Architects who lost out in the Perth City Hall design contest – despite being given the highest score by the selection panel – are now considering legal action against council chiefs.
Dutch firm Mecanoo was picked to take the lead on the long-awaited £20 million regeneration project, which will see the historic venue transformed into a major visitor attraction.
Perth and Kinross Council held a contest to find an architect for the project and a shortlist of five finalists went to public consultation earlier this year.
Although Mecanoo was named the favourite amongst local residents and businesses – and was cheapest in terms of construction costs – it ranked only third in a scoring system which had been previously agreed by council officials and the Royal Incorporation of Architects in Scotland (RIAS).
Now the company which was awarded the top score by the selection panel is considering a challenge to the local authority.
Today, the Courier can reveal that the highest scorer was Edinburgh-based LDN Architects, who achieved a quality/fee score of 86.5 compared to Mecanoo’s 84.6.
Mark Hopton, a partner at LDN responsible for the city hall project, described the council’s actions as “unprecedented” and believes his company should have been put forward for the contract.
“Having won the RIAS selection process on behalf of the council in terms of the selection criteria set, we consider LDN should have been appointed preferred bidder as per the tender procedures,” he said.
“We have expressed our concerns to the RIAS and through them, to the council. We are now taking further advice and awaiting further developments.”
RIAS secretary Neil Baxter said that the association would be prepared to back any legal challenge.
“This is in no way an attack on Mecanoo, which is a fine company with an impressive track record,” he said. “It is about getting a council to play fair.”
RIAS claims the council deviated from the selection process set out in bid documents.
Mecanoo’s construction costs, at £11.4 million, were significantly cheaper than the others which were estimated at between £14.7m to £16.9m.
However, its fee was the highest, resulting in a fee score of 4.6, compared to LDN’s 20.
A council spokeswoman insisted that Mecanoo met the three core requirements of the project brief, namely a building which delivers the “operational needs of a major museum attraction”; responds sensitively to the surrounding public area and is affordable and deliverable within the £20 million budget.
She said: “Mecanoo’s design also attracted the greatest support from local residents and businesses.”
Mecanoo was also Historic Environment Scotland’s favourite.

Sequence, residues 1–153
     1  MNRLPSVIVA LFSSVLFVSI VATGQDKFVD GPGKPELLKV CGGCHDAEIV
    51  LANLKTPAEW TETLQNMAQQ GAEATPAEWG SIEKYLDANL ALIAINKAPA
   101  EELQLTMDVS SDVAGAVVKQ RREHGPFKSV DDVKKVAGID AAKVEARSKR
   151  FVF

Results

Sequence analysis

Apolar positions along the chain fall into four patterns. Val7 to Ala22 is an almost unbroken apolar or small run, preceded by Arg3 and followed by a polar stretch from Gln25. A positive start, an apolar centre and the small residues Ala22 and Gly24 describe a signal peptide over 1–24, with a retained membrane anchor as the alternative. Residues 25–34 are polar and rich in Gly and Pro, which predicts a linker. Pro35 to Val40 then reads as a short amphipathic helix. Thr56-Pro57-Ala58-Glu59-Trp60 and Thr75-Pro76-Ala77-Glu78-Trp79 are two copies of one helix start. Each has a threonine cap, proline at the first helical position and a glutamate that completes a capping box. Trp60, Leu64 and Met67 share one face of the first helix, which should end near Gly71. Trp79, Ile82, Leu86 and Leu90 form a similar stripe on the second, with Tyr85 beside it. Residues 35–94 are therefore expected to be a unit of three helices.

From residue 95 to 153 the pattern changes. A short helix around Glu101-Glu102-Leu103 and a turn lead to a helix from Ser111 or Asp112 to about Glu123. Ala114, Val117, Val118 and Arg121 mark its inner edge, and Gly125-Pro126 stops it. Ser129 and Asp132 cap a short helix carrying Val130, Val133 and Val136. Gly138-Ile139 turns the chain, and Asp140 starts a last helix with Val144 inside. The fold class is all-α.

The revamped hall, along with a transformation of the Perth Museum and Art Gallery, could attract an extra 272,000 visitors to the city by 2023.
LDN’s bold vision for Perth City Hall
LDN Architects had previously worked on the Royal Museum of Scotland and the Bell Mill at Stanley Mills in Perthshire.
In its submission to the design contest, the company proposed a “world-class visitor experience” at Perth City Hall which would “attract visitors, improve the quality of community life and deliver economic regeneration and growth”.
LDN proposed a series of exhibition plinths on the outside of the building, as well as rooftop terrace.
The design included a new entrance facing St John’s Kirk, which would make the hall more “transparent, welcoming and inviting” while creating a buzz in the public space between the hall and the church.
Inside, new galleries would feature a range of spaces varying in size, form and flexibility to suit the wide range of objects within the permanent and temporary collections, as well as interactive areas and innovation labs.
Mecanoo’s proposal aims to create a “new gateway to Perth, to its history and its pride”.
It is understood that Mecanoo was Historic Environment Scotland’s first choice because it proposed the least alterations to the outside of the hall.
How the scoring system worked
Scoring criteria to assess the shortlisted entries against the brief were developed by RIAS and agreed with council officers.
These were weighted 80% to architectural quality and 20% to the fee price.
The relatively high ratio of quality to price and was agreed to reflect the importance of the design concept to the local authority.
The five shortlisted practices were scored on the basis of their design concepts and supporting information and their performance at a formal interview stage, as well as their proposed fee.
Estimated construction costs were independently assess by HubCo.
Fees from each organisation have not been made public.